The success of the e-book inspired Itsines to create a workout app, called Sweat, in 2018. The app, which costs $19.99 a month to use, ended the 2018 Australian Financial Year with $75.5 million AUD ($51.4 million USD) in revenue, a representative for Sweat tells CNBC.
In the 2010s, the hottest accessories weren't luxury watches or smartwatches, but wearable activity trackers. The Fitbit Flex, Jawbone Up and the Nike Fuelband were some of the first products on the market, followed by the more advanced Apple Watch. The premise was simple: a wristband continuously measures your daily activity, sleep and workouts. Before trackers, people relied on gym scales and clunky heartrate monitors to access health metrics, but suddenly information was at people's fingertips in attractive devices.
There's such thing as "too much" information, though. While fitness trackers are helpful motivational tools for people who hope to increase their physical activity, studies suggest that wearing fitness trackers doesn't provide any advantage over other weight loss approaches. (And studies found that some activity trackers are inaccurate, or "markedly overestimate" activity intensity.) Other research has shown that people tend to ditch fitness trackers after about 129 days of using them.
This fact hasn't stopped people from buying into the trend. An estimated 245 million wearables were sold in 2019, which is three times the amount that were sold in 2015, according to the research firm CSS Insight. Fitness trackers today look very different than they did a decade ago. For example, the Oura Ring is a smart ring that focuses on tracking sleep as well as activity (though experts question it's accuracy). Twitter CEO and founder Jack Dorsey is also a fan of the $299 device.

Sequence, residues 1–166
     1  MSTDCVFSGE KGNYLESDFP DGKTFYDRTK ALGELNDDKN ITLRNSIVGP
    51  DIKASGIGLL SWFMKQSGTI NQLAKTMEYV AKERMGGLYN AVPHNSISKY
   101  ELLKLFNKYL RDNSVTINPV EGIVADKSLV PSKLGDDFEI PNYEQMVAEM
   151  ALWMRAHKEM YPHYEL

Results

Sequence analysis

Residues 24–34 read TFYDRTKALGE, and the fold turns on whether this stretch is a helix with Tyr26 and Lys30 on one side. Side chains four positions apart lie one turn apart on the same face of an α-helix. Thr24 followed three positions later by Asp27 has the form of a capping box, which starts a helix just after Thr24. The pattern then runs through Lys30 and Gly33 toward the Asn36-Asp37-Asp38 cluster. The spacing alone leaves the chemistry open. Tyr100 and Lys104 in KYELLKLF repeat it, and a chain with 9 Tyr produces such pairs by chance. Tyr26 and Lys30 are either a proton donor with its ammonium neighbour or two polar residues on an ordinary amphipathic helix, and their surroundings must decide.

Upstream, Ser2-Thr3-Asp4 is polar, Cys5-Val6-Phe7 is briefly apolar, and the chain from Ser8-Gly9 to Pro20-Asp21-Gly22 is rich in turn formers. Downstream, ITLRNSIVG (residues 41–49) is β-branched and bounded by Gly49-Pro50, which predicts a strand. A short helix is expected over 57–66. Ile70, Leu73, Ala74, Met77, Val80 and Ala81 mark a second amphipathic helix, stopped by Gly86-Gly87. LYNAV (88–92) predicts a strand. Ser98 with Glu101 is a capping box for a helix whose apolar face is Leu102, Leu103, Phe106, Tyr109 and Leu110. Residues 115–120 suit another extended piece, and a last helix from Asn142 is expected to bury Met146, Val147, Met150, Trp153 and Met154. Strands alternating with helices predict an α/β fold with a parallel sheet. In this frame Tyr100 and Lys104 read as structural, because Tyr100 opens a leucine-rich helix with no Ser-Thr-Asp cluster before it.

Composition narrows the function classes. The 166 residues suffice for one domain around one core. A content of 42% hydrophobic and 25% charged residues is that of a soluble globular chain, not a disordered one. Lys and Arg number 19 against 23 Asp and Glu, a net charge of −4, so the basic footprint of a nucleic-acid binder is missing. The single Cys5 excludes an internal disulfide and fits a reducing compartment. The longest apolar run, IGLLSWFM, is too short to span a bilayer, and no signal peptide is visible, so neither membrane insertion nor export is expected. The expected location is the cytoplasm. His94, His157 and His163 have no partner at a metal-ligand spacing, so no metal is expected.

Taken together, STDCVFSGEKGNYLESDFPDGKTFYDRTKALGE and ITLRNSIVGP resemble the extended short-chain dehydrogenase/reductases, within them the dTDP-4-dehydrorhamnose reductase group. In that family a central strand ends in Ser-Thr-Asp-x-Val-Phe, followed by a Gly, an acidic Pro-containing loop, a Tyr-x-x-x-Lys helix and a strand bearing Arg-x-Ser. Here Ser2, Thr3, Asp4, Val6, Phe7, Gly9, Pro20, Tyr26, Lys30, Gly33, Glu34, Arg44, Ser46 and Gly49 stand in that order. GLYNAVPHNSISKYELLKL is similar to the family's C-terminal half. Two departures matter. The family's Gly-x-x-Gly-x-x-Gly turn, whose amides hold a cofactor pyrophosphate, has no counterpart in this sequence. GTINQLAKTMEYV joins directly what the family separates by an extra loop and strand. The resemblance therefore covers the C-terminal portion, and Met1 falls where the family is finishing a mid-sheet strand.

Investors are also betting on wearable trackers; in November, Google acquired Fitbit for $2.1 billion.
As a new mom, Brynn Putnam, CEO and founder of Mirror, found herself time-strapped and uninspired by home workouts. A lifelong dancer, Putnam thought using a mirror as a portal for at-home workouts would be a better option than YouTube or stationary equipment. "It has a slim footprint, is a piece of beautiful home decor when not in use and produces an immersive experience with interactive visuals and sound," she tells CNBC Make It.
Mirror, which launched in 2018, is an interactive fitness tool that allows you to stream a variety of workouts right onto the floor-length mirror. The device itself costs $1,495, and access to the workouts costs $39 a month.
As of 2018, Mirror raised $38 million in venture funding. To date, Mirror has sold tens of thousands of devices in every state, Putnam told CNBC's "Squak Alley" in November. And in October, Mirror introduced $40 personal training sessions: thanks to the camera and microphone built into the mirror, users can receive real-time feedback on their form.